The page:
“If you remove the English army tomorrow and hoist the green flag over Dublin Castle, unless you set about the organization of the Socialist Republic your efforts would be in vain. England would still rule you. She would rule you through her capitalists, through her landlords, through her financiers, through the whole array of commercial and individualist institutions she has planted in this country and watered with the tears of our mothers and the blood of our martyrs.”
James Connolly was executed by a British firing squad on 12 May 1916 for his role in organising the Easter Rising against British rule in Ireland. Connolly was one of the foremost socialist agitators of his day, and he is one of the most well-known, most revered, but also most misrepresented or misunderstood characters in Irish history.
Two ballads dedicated to his name help to explain the difficulty in assessing his life and his achievements. In one he is ‘the brave son of Ireland’, the rebel wrapped in a green flag, in the other he is ‘the hero of the working man’, marching under the red flag.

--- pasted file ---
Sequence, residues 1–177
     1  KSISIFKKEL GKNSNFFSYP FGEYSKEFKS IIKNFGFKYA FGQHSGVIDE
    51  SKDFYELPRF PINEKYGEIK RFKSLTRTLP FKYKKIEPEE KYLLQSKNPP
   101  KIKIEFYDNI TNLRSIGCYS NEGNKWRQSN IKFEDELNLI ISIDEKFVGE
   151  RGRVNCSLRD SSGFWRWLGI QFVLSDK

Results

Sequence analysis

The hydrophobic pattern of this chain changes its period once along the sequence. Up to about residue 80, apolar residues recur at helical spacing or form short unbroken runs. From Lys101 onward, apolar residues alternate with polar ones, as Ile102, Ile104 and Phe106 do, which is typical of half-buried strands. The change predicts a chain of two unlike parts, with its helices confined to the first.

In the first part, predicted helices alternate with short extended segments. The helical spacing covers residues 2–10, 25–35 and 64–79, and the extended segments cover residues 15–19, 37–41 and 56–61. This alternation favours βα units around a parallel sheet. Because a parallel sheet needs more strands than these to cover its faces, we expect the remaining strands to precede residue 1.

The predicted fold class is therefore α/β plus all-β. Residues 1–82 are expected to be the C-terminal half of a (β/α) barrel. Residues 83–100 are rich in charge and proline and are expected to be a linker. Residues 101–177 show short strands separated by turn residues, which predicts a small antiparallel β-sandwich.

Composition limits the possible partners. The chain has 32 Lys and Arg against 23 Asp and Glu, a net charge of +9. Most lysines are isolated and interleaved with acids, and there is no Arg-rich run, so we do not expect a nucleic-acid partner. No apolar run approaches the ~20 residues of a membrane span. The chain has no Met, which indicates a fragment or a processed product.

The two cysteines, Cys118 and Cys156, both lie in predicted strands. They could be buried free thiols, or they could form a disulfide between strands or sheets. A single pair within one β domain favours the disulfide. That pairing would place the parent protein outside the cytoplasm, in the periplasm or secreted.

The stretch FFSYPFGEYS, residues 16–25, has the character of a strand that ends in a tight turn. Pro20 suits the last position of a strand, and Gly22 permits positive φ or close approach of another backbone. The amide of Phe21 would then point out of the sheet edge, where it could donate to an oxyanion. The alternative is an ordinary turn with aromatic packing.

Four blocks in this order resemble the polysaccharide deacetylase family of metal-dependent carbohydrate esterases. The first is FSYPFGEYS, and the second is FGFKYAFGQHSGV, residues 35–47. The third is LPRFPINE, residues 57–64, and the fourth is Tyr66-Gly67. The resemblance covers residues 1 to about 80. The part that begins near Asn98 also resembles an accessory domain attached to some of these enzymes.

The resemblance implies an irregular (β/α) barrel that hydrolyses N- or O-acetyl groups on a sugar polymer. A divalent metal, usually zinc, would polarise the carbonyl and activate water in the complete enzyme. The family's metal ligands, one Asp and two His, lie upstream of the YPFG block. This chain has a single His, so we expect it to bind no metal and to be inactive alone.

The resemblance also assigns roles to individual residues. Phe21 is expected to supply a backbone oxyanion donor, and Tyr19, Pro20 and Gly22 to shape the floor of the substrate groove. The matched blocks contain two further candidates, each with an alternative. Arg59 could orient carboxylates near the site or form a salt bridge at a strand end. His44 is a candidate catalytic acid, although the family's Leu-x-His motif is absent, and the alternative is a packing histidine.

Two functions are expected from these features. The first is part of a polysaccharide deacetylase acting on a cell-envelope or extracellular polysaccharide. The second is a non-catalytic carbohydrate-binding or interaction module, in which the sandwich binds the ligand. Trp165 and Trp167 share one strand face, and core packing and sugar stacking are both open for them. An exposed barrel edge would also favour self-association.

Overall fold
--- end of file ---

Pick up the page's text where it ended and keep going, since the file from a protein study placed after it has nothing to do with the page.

To many these are two contradictory worlds. Connolly understood this himself, telling his wife Lily on the eve of his execution that his fellow socialists would ‘never understand why I am here.’ In this survey of Connolly’s life I aim to offer some explanation of why James Connolly, revolutionary international socialist, decided to fight alongside nationalist rebels against the might of the British Empire.
Our August 2022 public lecture will be presented by Martin Crick. Martin is an historian, rugby league fanatic, and serves on the executive committee of the Canterbury Socialist Society. He is also editor of the Federation of Socialist Societies’ periodical ‘The Commonweal’.
Free, all welcome to attend, and no prior knowledge is necessary. Doors from 6.30pm for a 7.00pm start.